Cerrado loses one city of London every three months

16 dezembro 2019    
The loss of vegetation cover in Cerrado biome from August 2018 and July 2019 was 648,400 hectares
© Adriano Gambarini / WWF-Brasil
Data released today (dec 16th) show that deforestation is heading towards a mass extinction process

By WWF-Brazil

The Brazilian government reported today that the loss of vegetation cover in Cerrado biome from August 2018 and July 2019 was 648,400 hectares, maintaining the worrying levels of recent years. Although there was a small reduction from 2.26% over last year, the loss is still alarming: it amounts to the overthrow of the city of Sao Paulo, or the metropolitan area of London, every three months. Recently, the Brazilian National Institute for Space Research (INPE) has also announced an increase of almost 30% in deforestation in the Amazon last year and 114% since the year of the new Forest Code (2012). 

The new released data are from Prodes Cerrado, mapped by INPE and coordinated by the Brazilian Ministry of Science, Technology, Innovations and Communications (MCTIC). Its historical series indicates stabilisation in the Cerrado destruction rate in the last four years at an average of 680 thousand ha/year. This means that more than half of the original area of the biome has already been converted, mainly to agricultural activities. Researches also show that unfortunately, only 20% of what remains of vegetation is in healthy conservation conditions. This makes the Cerrado one of the most endangered natural areas on the planet. According to researchers, at the rate of destruction of recent years, the Cerrado is moving towards a process of unprecedented mass extinction in the history of the planet.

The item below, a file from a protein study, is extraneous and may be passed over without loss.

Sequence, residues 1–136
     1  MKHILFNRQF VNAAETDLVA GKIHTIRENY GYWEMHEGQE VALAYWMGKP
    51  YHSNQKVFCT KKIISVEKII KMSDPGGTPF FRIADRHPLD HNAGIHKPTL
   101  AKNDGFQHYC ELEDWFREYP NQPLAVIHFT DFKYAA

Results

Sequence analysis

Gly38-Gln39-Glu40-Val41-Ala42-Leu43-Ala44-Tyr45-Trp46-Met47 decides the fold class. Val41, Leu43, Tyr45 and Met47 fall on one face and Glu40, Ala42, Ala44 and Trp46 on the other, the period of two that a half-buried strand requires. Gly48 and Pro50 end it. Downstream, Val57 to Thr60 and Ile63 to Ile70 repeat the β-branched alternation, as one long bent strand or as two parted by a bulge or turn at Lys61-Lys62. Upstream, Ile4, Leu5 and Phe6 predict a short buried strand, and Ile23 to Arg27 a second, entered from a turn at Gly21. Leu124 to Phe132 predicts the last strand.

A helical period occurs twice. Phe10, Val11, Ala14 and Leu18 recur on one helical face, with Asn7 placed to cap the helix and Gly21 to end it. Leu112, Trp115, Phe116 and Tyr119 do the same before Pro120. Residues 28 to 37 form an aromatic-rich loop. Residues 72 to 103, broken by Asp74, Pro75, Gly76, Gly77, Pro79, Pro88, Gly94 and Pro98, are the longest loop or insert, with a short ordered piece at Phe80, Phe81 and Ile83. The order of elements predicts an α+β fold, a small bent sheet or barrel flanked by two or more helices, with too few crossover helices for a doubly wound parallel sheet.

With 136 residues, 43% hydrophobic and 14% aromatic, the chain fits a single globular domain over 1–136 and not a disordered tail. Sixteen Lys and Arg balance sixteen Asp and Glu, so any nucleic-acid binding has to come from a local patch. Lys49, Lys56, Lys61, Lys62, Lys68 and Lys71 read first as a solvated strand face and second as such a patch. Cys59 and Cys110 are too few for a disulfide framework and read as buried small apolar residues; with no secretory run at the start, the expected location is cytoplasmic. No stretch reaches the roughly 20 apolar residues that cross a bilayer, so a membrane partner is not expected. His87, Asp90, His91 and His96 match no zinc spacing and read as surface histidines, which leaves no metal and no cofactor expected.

Regarding the numbers of deforestation in the Cerrado, Mauricio Voivodic, CEO of WWF-Brazil, states: “The Cerrado lives a silent tragedy as it continues to be destroyed for lack of responsible policies. The Forest Code, for example, even if it was being implemented (which is not the case), barely protects the biome - between 20 and 35%. Today we have 23 million hectares of already open areas with a high agricultural aptitude for soybeans - a crop that represents more than 80% of agriculture in the biome - and another 15 million hectares already deforested and with potential for agriculture. It totalises 38 million hectares of lands already open. This whole area has the potential to shelter the expansion projected by agribusiness in the region over many decades. Agriculture currently occupies 22 million hectares in the Cerrado, 18 of them with soy”.